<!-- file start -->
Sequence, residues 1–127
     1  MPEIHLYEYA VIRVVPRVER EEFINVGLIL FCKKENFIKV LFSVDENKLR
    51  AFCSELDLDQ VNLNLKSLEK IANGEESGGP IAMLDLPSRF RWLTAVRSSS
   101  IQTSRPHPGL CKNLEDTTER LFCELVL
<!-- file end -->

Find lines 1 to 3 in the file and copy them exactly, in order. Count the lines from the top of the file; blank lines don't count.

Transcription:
Sequence, residues 1–127
     1  MPEIHLYEYA VIRVVPRVER EEFINVGLIL FCKKENFIKV LFSVDENKLR
    51  AFCSELDLDQ VNLNLKSLEK IANGEESGGP IAMLDLPSRF RWLTAVRSSS